“I’m eager to engage in health policy research through a mix of technical and non-technical methods — we can process and analyze data in so many more interesting ways using computers, and yet we can’t ever lose the humanistic aspect of health initiatives,” Liu said.
Nikhil Shankar, also a rising senior, is an economics major. He jumped at the health policy fellowships because he believes applied economics can have “real-world impact.”
He will be working with SHP’s Grant Miller, a senior fellow at the Freeman Spogli Institute for International Studies and director of the Stanford King Center on Global Development. They will examine the impact of population policy on child health outcomes by gender in China.
“Effective health policy, informed by sound research, plays a vital role in ensuring that every child has the capabilities needed to achieve their potential,” Shankar said. “I hope to be a small part of the global community of researchers, policymakers and advocates working to ensure equitable and affordable health care for all.”
Health-care inequality driven by factors beyond the control of individuals is something that troubles Andrea Banuet, a human biology major and another a rising senior.
“Factors such as socioeconomic status, age, ethnic and racial backgrounds should not determine the type of care an individual can attain — but the really sad reality is that in many parts of our country, it does.”
She believes that policy informed by research has the power to combat institutional biases and promote change in health-care accessibility. She will be working Kathryn M. McDonald, executive director of CHP/PCOR, an expert on health-care quality and patient safety.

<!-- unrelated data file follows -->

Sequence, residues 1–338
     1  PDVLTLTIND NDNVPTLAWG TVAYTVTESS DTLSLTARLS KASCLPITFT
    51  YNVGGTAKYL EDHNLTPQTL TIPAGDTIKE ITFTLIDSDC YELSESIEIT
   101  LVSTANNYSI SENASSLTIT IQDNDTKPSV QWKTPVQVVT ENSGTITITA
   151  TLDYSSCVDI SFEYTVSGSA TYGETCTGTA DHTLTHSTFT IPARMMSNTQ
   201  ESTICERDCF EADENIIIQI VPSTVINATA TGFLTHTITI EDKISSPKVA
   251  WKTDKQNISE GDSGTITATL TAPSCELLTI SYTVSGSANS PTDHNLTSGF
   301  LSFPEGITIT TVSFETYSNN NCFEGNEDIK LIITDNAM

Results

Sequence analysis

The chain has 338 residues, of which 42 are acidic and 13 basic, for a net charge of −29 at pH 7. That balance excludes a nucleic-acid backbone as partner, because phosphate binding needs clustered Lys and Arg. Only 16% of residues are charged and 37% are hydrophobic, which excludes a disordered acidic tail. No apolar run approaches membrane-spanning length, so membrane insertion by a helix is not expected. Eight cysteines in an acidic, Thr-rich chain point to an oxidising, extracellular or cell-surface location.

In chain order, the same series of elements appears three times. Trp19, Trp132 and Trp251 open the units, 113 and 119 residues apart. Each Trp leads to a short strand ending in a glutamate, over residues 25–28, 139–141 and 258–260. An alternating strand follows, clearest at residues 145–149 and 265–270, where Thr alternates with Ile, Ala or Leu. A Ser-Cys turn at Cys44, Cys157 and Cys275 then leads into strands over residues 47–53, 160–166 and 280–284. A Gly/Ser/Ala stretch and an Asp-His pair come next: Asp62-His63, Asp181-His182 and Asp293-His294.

Conrad Milhaupt is another rising senior with a double major in economics and public policy.
“I have a passion for the intersection of economics, politics and policy, with a particular focus on health and environmental policy,” said Milhaupt, who will work with SHP’s Jay Bhattacharya, a professor of medicine and economics.
Milhaupt took Bhattacharya’s health economics class in his sophomore year and became intrigued by the discrepancies in costs for health services with only marginal differences in outcomes. He is particularly interested in health care in rural America and ways that changes to our public-private insurance mix may improve access to care and help manage costs.
“Ultimately, I am driven to study this topic by my belief that health care is a human right and that health is an integral aspect of every individual’s life,” he said.
Calvin Tolbert, with funding from the Office of the Vice Provost for Teaching and Learning, will work with Eric Sun, an economist and assistant professor of anesthesiology who researches consolidation in physician markets and the economics of pain treatments.
Tolbert is a rising junior majoring in economics and classics, with a minor in mathematics.
“The thing that initially drew me to economics was the fact that it was both math-intensive and pertinent to public policy, which is a keen interest of mine,” he said.
He will be working on a project that looks at physician compensation across countries and the wide gap in costs and access to medical care and drugs.
“This is an area that first caught my eye, when I read accounts of medical tourism in the news, including both people from developing countries who come to America for serious procedures and Americans who visit other countries to receive treatment due to the expense of medical care in this country.”